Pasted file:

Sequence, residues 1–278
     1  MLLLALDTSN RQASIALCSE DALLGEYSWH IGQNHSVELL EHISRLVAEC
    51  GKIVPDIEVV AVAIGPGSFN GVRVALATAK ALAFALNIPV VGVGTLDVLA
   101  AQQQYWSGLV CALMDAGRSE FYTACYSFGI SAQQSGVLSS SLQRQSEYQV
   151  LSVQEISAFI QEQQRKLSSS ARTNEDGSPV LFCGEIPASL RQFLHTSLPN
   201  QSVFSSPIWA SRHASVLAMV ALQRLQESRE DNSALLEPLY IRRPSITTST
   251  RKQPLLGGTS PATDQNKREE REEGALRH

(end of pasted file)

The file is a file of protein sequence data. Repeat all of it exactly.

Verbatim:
Sequence, residues 1–278
     1  MLLLALDTSN RQASIALCSE DALLGEYSWH IGQNHSVELL EHISRLVAEC
    51  GKIVPDIEVV AVAIGPGSFN GVRVALATAK ALAFALNIPV VGVGTLDVLA
   101  AQQQYWSGLV CALMDAGRSE FYTACYSFGI SAQQSGVLSS SLQRQSEYQV
   151  LSVQEISAFI QEQQRKLSSS ARTNEDGSPV LFCGEIPASL RQFLHTSLPN
   201  QSVFSSPIWA SRHASVLAMV ALQRLQESRE DNSALLEPLY IRRPSITTST
   251  RKQPLLGGTS PATDQNKREE REEGALRH